The SKYWARN program at Weather Forecast Office (WFO) Lincoln, IL consists of spotters who watch the sky during threatening weather conditions. The spotters are emergency management, fire and police, amateur radio operators and trained citizens. They report severe weather such as tornadoes, flash floods and large hail to the WFO by radio or phone.

Process of how NWS receives weather reports from spotters

Our Amateur Radio program consists of amateur radio operators (Hams) who come to the WFO during severe weather and operate radios. They are the National Weather Service Ham Team. The Ham Team communicates with other amateur radio operators who run local networks of storm spotters across central Illinois. The Ham Team passes severe weather information from the spotter networks to the meteorologists.

Use of radio communication is the preferred way of getting information to the NWS. However, the Ham Team will use Echolink as well. Our Station call sign is WX9ILX and our node number for Echolink is 274513.


SkyWarn Recognition Day
SkyWarn Recognition Day (SRD) was developed in 1999 by the National Weather Service and the American Radio Relay League. It celebrates the contributions that volunteer SkyWarn spotters and Amateur Radio Operators (Hams) make to the National Weather Service for public safety. Spotters, using radio in the Amateur Radio frequencies report severe weather such as flash floods, tornadoes and damaging wind to local county network control radio operators. Then the reports are relayed by radio to the National Weather Service Office here in Lincoln. The meteorologists use these reports in preparing warnings for Illinois.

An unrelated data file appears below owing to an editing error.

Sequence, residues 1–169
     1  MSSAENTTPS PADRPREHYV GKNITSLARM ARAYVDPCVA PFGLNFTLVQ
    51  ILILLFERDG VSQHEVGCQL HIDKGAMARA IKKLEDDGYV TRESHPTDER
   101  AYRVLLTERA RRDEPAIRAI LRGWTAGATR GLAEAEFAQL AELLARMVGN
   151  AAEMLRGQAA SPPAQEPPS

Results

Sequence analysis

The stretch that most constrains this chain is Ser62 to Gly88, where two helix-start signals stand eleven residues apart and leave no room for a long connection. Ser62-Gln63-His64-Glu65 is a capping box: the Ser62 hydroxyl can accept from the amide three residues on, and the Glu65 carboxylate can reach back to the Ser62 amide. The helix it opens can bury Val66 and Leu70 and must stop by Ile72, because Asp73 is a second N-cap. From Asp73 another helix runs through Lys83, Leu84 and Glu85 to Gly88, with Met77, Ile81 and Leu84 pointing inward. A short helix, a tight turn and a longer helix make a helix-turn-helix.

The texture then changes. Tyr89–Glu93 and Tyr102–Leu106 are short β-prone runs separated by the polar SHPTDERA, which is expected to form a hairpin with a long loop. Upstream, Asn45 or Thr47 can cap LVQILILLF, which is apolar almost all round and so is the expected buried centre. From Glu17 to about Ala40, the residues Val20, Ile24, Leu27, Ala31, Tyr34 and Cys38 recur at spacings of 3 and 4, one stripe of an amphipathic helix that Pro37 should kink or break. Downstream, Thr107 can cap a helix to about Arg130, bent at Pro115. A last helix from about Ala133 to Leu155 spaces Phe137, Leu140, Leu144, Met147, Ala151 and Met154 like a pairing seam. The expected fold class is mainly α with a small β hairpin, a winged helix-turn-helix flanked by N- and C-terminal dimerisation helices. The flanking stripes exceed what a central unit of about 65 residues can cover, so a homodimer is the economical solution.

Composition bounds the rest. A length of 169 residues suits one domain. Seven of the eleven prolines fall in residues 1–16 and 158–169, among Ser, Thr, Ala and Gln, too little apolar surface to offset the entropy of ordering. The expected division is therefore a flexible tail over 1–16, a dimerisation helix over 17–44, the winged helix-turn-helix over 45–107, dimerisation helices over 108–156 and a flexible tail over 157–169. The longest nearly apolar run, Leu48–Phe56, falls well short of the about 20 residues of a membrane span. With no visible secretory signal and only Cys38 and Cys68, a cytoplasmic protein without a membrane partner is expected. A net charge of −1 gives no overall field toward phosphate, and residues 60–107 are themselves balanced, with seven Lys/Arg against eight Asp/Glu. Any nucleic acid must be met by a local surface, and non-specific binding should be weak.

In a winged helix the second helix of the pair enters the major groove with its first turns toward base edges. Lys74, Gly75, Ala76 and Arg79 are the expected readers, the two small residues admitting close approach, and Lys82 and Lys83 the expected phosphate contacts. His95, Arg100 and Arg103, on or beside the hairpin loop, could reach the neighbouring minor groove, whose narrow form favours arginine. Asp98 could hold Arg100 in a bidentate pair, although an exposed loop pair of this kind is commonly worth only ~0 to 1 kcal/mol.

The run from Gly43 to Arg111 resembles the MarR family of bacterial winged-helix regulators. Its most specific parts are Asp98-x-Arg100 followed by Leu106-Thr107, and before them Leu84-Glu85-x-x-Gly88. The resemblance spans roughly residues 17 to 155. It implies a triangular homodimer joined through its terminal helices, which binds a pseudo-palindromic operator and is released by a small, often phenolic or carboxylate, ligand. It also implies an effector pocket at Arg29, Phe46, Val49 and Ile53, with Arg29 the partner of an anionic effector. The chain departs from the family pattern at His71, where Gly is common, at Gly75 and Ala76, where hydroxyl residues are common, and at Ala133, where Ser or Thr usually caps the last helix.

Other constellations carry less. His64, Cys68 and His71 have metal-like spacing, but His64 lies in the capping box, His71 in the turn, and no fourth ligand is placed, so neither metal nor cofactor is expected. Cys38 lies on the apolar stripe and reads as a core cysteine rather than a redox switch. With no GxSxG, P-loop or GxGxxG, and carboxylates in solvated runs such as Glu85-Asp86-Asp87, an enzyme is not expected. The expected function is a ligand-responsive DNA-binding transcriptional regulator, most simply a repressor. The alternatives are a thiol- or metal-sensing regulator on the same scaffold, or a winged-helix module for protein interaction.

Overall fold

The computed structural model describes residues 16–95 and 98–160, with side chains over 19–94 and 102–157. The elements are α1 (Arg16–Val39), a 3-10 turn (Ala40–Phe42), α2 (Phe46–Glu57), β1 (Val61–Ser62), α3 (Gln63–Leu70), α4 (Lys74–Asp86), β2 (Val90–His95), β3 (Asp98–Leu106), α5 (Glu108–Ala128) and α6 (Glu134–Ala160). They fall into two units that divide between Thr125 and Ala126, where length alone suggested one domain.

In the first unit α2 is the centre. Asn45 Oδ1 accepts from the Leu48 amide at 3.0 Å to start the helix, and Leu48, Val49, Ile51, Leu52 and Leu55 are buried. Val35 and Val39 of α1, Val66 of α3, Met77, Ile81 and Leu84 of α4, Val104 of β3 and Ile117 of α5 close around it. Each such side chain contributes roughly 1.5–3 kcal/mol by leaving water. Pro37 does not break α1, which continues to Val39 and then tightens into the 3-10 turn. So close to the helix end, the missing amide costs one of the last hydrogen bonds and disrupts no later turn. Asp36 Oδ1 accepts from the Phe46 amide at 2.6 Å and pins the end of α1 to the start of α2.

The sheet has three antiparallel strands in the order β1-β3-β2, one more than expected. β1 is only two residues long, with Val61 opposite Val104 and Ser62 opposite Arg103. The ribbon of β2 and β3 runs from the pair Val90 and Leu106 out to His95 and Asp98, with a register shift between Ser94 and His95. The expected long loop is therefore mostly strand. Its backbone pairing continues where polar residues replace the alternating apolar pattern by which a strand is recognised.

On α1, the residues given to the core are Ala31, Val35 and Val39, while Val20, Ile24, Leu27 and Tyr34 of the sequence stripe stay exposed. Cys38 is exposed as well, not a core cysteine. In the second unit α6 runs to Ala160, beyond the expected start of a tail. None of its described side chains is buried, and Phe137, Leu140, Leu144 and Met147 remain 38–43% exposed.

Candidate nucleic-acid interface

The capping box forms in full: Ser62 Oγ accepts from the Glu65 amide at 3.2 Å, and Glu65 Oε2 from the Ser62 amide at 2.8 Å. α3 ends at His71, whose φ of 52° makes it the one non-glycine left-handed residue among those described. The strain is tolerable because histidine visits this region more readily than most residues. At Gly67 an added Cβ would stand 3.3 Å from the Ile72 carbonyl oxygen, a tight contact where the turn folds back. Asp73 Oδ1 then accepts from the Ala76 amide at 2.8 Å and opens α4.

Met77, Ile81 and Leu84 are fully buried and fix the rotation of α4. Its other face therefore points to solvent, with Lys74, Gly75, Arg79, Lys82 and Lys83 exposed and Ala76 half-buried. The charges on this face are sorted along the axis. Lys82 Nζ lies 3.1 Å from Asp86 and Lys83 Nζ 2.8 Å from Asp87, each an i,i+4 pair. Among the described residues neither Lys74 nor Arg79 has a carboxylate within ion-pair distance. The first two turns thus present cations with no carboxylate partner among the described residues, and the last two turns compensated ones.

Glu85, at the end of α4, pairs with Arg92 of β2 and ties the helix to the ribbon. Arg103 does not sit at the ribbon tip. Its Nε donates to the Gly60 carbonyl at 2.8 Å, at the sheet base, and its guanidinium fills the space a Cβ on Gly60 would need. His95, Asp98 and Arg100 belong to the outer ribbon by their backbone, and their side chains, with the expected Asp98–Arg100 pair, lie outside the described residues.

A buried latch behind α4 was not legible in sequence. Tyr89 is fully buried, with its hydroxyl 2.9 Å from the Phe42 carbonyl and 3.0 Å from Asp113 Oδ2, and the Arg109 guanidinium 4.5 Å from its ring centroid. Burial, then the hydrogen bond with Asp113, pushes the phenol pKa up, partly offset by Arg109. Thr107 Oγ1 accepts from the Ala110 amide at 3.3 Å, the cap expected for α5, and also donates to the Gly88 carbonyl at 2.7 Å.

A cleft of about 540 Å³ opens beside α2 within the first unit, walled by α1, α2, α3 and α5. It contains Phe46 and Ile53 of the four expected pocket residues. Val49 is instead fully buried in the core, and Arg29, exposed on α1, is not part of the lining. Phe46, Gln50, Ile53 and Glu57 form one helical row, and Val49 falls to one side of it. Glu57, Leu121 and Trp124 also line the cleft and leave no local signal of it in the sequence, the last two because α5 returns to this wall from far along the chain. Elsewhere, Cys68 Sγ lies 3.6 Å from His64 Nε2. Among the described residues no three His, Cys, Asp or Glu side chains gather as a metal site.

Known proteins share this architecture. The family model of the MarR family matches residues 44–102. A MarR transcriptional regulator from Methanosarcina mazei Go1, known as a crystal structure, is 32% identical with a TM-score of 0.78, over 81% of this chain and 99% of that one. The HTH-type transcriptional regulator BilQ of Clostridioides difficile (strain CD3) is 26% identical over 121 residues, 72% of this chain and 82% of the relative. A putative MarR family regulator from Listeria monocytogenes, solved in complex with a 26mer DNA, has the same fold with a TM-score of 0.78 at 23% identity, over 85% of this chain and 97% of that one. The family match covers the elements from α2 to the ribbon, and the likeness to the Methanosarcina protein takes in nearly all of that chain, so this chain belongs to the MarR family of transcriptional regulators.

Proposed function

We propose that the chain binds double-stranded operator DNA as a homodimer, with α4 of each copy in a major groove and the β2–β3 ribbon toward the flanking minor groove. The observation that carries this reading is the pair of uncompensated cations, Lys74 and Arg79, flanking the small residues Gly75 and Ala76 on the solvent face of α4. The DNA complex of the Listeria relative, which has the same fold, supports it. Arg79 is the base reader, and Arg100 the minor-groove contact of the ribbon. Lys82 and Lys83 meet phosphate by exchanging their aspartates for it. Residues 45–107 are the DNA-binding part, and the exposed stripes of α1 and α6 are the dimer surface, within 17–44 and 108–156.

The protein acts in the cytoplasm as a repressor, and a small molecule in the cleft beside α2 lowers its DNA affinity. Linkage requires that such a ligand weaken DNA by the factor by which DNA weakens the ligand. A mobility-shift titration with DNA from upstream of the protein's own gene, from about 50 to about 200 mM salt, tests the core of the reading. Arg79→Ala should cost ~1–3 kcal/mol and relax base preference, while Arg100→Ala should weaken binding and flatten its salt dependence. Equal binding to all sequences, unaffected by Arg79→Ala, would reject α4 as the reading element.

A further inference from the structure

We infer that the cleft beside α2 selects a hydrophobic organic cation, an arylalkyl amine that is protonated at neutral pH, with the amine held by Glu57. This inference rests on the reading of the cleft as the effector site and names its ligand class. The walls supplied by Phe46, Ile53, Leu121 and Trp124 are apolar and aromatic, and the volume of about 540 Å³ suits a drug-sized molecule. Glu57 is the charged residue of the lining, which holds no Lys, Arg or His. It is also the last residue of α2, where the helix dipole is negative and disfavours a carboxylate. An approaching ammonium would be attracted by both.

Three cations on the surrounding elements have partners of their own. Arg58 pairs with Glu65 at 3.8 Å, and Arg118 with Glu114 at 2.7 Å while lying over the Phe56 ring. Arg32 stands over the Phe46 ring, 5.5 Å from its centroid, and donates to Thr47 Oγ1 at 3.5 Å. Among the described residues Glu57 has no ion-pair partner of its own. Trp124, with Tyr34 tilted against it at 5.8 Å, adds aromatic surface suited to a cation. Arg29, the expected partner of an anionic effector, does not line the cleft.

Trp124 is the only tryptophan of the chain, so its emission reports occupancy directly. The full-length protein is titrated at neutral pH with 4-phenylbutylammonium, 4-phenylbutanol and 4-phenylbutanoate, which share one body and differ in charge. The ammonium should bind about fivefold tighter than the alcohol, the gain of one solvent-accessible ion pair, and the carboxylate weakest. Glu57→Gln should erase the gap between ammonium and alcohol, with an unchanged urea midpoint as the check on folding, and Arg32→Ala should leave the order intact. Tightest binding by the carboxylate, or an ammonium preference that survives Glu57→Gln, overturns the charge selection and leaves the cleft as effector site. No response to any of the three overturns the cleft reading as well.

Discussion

The most recent SkyWarn Recognition Day was Saturday, December 3, 2011.  Amateur Radio Operators came to operate radios, communicating on most of the amateur radio bands, at the National Weather Service Forecast Office in Lincoln Illinois.
We made contacts with amateur radio operators at other National Weather Service Offices across the United States and across the world. Also, we  made radio contacts across area repeaters on the 2 meter and 70 cm bands. For more information, visit the NWS SRD webpage at: is the U.S. government's official web portal to all federal, state and local government web resources and services.